natural hair care blog post

Natural Hair Care

For the vast majority, it’s our crowning glory. The natural hair care product market was valued at almost $9 Billion in 2019 and is expected to continue it’s upward momentum. Savvy consumers and new technologies are fueling the growth, as well as issues such as ingredient sensitivities and heightened awareness of the environmental impacts of their product choices.

Hair anatomy

A strand of hair consists of three layers – the innermost medulla, the cortex and the cuticle. The cortex, or middle layer, is where pigment resides, and it contributes to the flexibility of the hair shaft. We’ll be focusing on the outermost layer, or cuticle, for the purposes of our discussion. This is the layer that takes the most abuse.

Our hair consists primarily of keratin protein which is made up of 18 amino acids. It also contains lipids (like sebum) which provides hair with lubrication. The hair shaft itself is not “alive”, which is why it’s so difficult for us to reverse any damage done to the hair.

The cuticle consists of a layer of overlapping cells, which forms a protective layer over the cortex. Frequent use of chemicals is the primary cause of damage to the hair shaft. Things like bleaching, dying perming, heat styling, exposure to pool chlorine and other ingredients can damage the cuticle, leaving it torn, and leaving hair dry and brittle. It’s important to tailor your haircare routine to your hair type. Check out this informative Healthline article on hair types.

Products to avoid

Healthy hair, no matter how curly or how straight, has a closed cuticle – that is, the overlapping cells lie flat. There are many products and ingredients that can damage the cuticle;

  • hair dyes (even “natural” ones like henna can dry out hair)
  • chemical relaxers (anything that breaks chemical bonds is not good)
  • chemical perms (same as above)
  • high-heat styling tools (standard blow dryers and straightening irons)
  • direct sunlight
  • pool chlorine
  • salt water

Products that penetrate the cuticle like hair dyes and perms can cause the cuticle to raise up, making hair rough and prone to breakage. Heat styling can remove moisture from the hair, making it dry and brittle. There are also many hair care products on the market that contain ingredients that do not benefit hair; ingredients like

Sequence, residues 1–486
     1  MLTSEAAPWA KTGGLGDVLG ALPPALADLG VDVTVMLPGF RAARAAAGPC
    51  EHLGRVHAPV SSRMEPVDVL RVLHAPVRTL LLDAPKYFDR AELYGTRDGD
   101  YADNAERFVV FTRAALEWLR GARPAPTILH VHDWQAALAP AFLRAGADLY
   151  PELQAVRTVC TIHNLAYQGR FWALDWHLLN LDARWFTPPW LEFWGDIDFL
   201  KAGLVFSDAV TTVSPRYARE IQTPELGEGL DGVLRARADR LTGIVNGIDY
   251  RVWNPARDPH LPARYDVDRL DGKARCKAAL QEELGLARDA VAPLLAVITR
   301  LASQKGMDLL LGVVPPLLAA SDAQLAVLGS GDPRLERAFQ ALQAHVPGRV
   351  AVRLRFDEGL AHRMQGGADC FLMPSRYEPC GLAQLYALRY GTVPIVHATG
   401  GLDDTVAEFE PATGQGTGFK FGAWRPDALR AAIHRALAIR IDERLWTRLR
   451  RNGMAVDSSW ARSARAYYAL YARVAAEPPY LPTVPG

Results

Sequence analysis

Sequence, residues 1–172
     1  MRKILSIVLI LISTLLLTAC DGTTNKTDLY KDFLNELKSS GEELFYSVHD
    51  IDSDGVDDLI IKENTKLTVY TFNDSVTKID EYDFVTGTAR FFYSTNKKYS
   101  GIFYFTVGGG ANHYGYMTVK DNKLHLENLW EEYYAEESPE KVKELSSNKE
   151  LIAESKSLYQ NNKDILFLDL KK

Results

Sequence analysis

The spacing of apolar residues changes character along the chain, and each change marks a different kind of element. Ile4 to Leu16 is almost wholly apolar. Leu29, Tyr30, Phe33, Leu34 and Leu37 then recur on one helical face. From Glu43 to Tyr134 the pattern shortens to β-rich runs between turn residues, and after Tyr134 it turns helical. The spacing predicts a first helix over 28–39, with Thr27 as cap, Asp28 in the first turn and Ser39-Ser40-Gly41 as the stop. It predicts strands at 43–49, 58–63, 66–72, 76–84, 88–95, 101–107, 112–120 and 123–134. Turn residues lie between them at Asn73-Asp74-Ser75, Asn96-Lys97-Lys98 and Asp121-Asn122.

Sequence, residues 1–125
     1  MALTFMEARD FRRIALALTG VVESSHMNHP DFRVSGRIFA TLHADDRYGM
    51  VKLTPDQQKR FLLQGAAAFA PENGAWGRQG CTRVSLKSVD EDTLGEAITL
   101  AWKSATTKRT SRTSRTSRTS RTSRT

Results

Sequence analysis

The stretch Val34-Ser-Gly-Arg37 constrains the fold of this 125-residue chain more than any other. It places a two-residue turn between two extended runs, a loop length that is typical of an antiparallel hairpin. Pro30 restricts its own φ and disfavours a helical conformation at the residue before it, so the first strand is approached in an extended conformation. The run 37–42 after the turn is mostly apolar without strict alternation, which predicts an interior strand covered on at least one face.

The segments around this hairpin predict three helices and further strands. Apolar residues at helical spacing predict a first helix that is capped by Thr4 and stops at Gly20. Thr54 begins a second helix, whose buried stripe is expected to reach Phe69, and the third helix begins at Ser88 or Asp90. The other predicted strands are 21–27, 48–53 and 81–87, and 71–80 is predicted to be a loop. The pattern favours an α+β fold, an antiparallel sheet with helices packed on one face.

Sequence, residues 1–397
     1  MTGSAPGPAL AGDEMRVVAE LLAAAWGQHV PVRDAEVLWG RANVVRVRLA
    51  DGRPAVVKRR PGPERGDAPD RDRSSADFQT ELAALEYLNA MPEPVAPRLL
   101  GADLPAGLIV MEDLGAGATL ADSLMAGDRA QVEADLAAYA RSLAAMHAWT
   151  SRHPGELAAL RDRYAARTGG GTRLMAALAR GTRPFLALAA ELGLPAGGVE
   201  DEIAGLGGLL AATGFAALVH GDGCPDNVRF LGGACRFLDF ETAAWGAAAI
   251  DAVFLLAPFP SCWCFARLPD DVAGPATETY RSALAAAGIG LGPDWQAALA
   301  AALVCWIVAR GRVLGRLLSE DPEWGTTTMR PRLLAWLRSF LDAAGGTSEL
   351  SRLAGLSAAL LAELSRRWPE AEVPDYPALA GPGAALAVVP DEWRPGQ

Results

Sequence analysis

• sulfates (e.g. sodium lauryl and laureth sulfate) which strip oils from hair
  • silicones (which can build up and leave hair drier)
  • alcohols
  • mineral oil
  • perfumes (containing hundreds of ingredients like parabens and formaldehyde)

It’s important to read product labels and to know what you’re putting on your hair and scalp, especially if you are allergic to many ingredients. The bottom line is that, much like your skin, you want to use products that provide benefits to your hair without side effects.

Oils and natural hair care

We’re great believers in the benefits of using plant-based oils to nurture hair. Oils penetrate the cuticle to add vital lipids and help slow down moisture evaporation. A few oils that have been shown to nurture dry, brittle hair include Olive, Avocado, Argan and Jojoba oils. Hot oil treatments have been used for quite some time to nourish dry, chemically treated hair. They work well as a treatment mask under a cap or mixed with your regular conditioner. (Before using a new carrier oil, it’s good to test it on the skin to be sure that you won’t get an allergic reaction. This is especially true about nut oils like coconut, almond and kukui nut.)

Dry oils came on the market as a multi-purpose solution for skin and hair. They are absorbed quickly with minimal residue. Some common oils used in dry oils include sunflower, safflower, jojoba, rosehip, olive and others. They can be applied without the need to rinse them out and they add antioxidants like Vitamin C and E, as well as leaving hair with a subtle sheen. They’re great when you are looking for a lightweight oil for regular use. An example is our All Purpose Organic Dry Oil. It’s great on hair, but many customers use it as a post-shower body oil or cuticle oil.

Other natural hair care tips

If you’ve been going “natural” and have avoided things like hair dyes, perms and blow drying, then you may not need to do much. But if you’re like many of us, you’ve spent lots of time and money covering grays, blow-drying and straightening your hair, with resultant damage. If the damage is severe, it may be necessary to cut off the damaged hair and start with virgin hair. For example, does your hair look “fried” with lots of breakage and split ends? Does it feel “mushy” when wet? If so, it may be best to get a good cut.

For the rest of you, seek out hair care products with naturally-derived ingredients that have a proven track record. You can begin your journey with this natural haircare product article by TheGoodTrade.com. Applications containing keratin can help. You can also try these natural hair care tips to keep your hair as healthy as possible:

  • When outdoors, wear a wide brimmed hat – sunlight can literally bleach the hair. This will dry it out.
  • When coming out of the pool or ocean, rinse hair out right away. Or before going in, apply olive oil to the hair to help keep chemicals from being absorbed.
  • Avoid using too many products at a time. If hair becomes dull, use apple cider vinegar or beer before shampooing with a sulfate-free shampoo.
  • Use a satin cap or pillow case in the bedroom. It will reduce surface friction while you sleep, keeping the cuticle intact and preventing static cling.
  • Avoid elastic hair ties or metal clips in the hair. They put stress on the cuticle and, if used often, can pull hair at the root, resulting in traction alopecia. The same goes for teasing and wet-combing.